Sunday, September 14, 2008



September 14, 2008
Sunday Standard
By Rashid Suleiman

The founding father of Guinea-Conakry, Ahmed Sekou Toure, had one major difference with other despots of his time. While majority rose from military ranks, Toure was a civilian with no background in killings or coups.

Yet during his time, he was the undisputed ‘father of coups’ in Africa and a top brain when it came to innovative methods of murder.

The firing squad, hangman’s noose, hackings and torture were the common methods employed by bloody dictators. But out of these, the most inventive were basically three.

He reportedly encouraged intermarriage within his Faranah clan to exclude outsiders.

There was the sledgehammer of death discovered by the great engineer of mass murder, Idi Amin Dada (Uganda), to save on bullets. In Ethiopia, the architect of death — Mengistu Haile Mariam — preferred the garrotte. He sometimes personally did the honours. But in Guinea-Conakry, death merchant Toure discovered a less violent but most painful method.

He killed his opponents, real or perceived, by feeding them on copious amounts of ‘black diet’ — complete deprivation of food and water.

Its most prominent victims included army boss Gen Keita Noumandian followed by Minister of Development, Rural Economy and Labour Fodeba Keita and lawyer Diallo Telli, first Secretary-General of the defunct Organisation of African Unity. At the time of his arrest and detention in 1976, Telli was Guinea’s Justice Minister.

For better enjoyment of the ‘black diet’, Toure set up exclusive prisons for political dissents, the most notorious being Boiro Camp in the capital Conakry.

Besides being a leading brain in the death industry, Toure was a master in unearthing coups against him though most existed in his fertile imagination.

Sadly for Guineans, the real or imagined coups provided a perfect opportunity for ‘father of nation’ to go on killing and torturing sprees.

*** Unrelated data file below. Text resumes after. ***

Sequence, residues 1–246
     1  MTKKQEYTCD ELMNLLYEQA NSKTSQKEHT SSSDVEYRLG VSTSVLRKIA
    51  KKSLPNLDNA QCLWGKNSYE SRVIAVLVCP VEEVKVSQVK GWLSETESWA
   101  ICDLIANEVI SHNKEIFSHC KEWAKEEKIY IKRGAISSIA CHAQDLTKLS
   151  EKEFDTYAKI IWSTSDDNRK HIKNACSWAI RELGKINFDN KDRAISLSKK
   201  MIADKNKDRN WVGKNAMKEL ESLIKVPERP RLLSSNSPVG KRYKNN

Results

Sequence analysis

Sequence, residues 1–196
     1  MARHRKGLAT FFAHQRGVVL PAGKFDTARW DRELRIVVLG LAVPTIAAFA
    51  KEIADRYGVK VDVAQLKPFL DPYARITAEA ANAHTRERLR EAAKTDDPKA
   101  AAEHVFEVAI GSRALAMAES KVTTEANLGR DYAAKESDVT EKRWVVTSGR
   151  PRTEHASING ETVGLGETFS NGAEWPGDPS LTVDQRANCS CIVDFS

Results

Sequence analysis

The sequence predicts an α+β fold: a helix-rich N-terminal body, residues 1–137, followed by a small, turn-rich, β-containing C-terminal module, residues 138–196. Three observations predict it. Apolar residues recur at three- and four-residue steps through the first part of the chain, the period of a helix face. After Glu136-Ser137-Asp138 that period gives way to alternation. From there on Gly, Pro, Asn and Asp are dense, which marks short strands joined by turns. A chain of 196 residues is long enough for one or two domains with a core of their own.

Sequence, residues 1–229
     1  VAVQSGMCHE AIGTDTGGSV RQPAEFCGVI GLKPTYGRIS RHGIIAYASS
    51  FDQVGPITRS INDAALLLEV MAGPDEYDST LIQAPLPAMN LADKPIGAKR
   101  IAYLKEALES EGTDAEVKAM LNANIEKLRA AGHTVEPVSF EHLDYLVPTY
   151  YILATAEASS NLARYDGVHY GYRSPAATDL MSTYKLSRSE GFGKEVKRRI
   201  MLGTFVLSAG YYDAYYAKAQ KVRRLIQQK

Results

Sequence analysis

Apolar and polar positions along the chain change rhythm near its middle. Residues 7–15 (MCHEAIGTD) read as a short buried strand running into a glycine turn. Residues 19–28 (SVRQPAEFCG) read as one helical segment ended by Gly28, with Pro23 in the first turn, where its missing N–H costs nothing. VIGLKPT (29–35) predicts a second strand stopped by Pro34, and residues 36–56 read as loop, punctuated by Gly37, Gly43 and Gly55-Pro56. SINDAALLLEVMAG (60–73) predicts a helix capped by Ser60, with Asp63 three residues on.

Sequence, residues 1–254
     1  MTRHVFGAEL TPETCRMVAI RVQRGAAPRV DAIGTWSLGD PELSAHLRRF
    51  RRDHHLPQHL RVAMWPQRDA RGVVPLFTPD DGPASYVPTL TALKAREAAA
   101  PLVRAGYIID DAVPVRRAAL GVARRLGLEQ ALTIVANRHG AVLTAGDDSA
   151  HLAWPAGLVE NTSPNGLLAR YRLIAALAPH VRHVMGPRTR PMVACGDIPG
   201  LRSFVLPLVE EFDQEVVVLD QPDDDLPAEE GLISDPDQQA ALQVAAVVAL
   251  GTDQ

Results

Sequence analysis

Almost a deity

By the time he died on the operating table in Cleveland, Ohio in the US (March 1984) after a cardiac arrest, over one million of Guinea’s then six million people had fled to exile.

Most Guineans did not believe news about his death, as they equated him to a deity.

After the discovery of each and every coup, Toure would deal with the plotters ruthlessly. He executed several people after he announced the first attempted coup in early 1960.

The bloodshed was repeated five years later when another putsch was discovered. More bloody purges followed in 1967 and 1969.

Despite the many coups against him, he effectively neutralised the Guinean military throughout his reign.

To prevent his overthrow by the soldiers he trusted, he personally controlled the supply of arms and ammunition to the military and put all armouries under his direct control. As a surety, he kept the keys to all the armouries.

He intentionally declined to expand the army and ensured a majority of the troops came from his Malinke tribe.

spies in barracks

He reshuffled senior commanders and purged the military frequently — often without warning — and this instilled fear in soldiers.

He adopted the Russian style of appointing political officers but added another dimension because the appointments were made covertly so that political officers could act as spies in the barracks. The spies were often junior officers.

Many senior officers were caught by the intricate network of spies and died slow and painful deaths in prison, courtesy of the ‘black diet’ or execution.

The spies came from his Malinke tribe, especially his Faranah clan or were related to him by marriage.

He reportedly encouraged intermarriage within his Faranah clan to exclude outsiders. He ruled the country like a personal household.

Toure was given a rude awakening in 1966 when his only friend in Africa, Kwame Nkrumah of Ghana, was overthrown in a military coup. He immediately stepped up his anti-coup strategies.

He formed a people’s militia whose members were mainly drawn exclusively from the most loyal civilian members of the country’s sole political party.

In less than two years, the militia had grown to 25,000 men while the regular armed forces had a mere 6,000 soldiers.

The militia received high-level military training, equalling or even surpassing that of the armed forces. Each district in Guinea had a militia brigade.

The roles of the militia were many and often unclear. Toure said the force was meant to protect Guinea from external enemies and internal economic saboteurs like smugglers; to safeguard the country against putchists and internal enemies of the revolution; and to guard strategic points like the radio station, airports, banks and power installations.

Usually, when Toure unearthed a coup, the foreign masters behind it were invariably France, the defunct Soviet Union, the then West Germany or white-ruled Zimbabwe.